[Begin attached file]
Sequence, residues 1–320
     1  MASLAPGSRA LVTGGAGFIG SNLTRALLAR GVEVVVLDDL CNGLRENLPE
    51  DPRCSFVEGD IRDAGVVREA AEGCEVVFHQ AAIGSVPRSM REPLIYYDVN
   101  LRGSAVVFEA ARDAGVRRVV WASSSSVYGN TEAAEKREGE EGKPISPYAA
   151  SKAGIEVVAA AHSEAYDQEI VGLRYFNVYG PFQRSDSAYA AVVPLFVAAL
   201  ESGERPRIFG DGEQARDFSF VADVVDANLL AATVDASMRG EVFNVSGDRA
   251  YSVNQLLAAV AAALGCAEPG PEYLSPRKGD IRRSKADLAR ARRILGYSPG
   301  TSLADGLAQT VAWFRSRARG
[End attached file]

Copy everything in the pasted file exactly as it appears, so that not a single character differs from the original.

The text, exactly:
Sequence, residues 1–320
     1  MASLAPGSRA LVTGGAGFIG SNLTRALLAR GVEVVVLDDL CNGLRENLPE
    51  DPRCSFVEGD IRDAGVVREA AEGCEVVFHQ AAIGSVPRSM REPLIYYDVN
   101  LRGSAVVFEA ARDAGVRRVV WASSSSVYGN TEAAEKREGE EGKPISPYAA
   151  SKAGIEVVAA AHSEAYDQEI VGLRYFNVYG PFQRSDSAYA AVVPLFVAAL
   201  ESGERPRIFG DGEQARDFSF VADVVDANLL AATVDASMRG EVFNVSGDRA
   251  YSVNQLLAAV AAALGCAEPG PEYLSPRKGD IRRSKADLAR ARRILGYSPG
   301  TSLADGLAQT VAWFRSRARG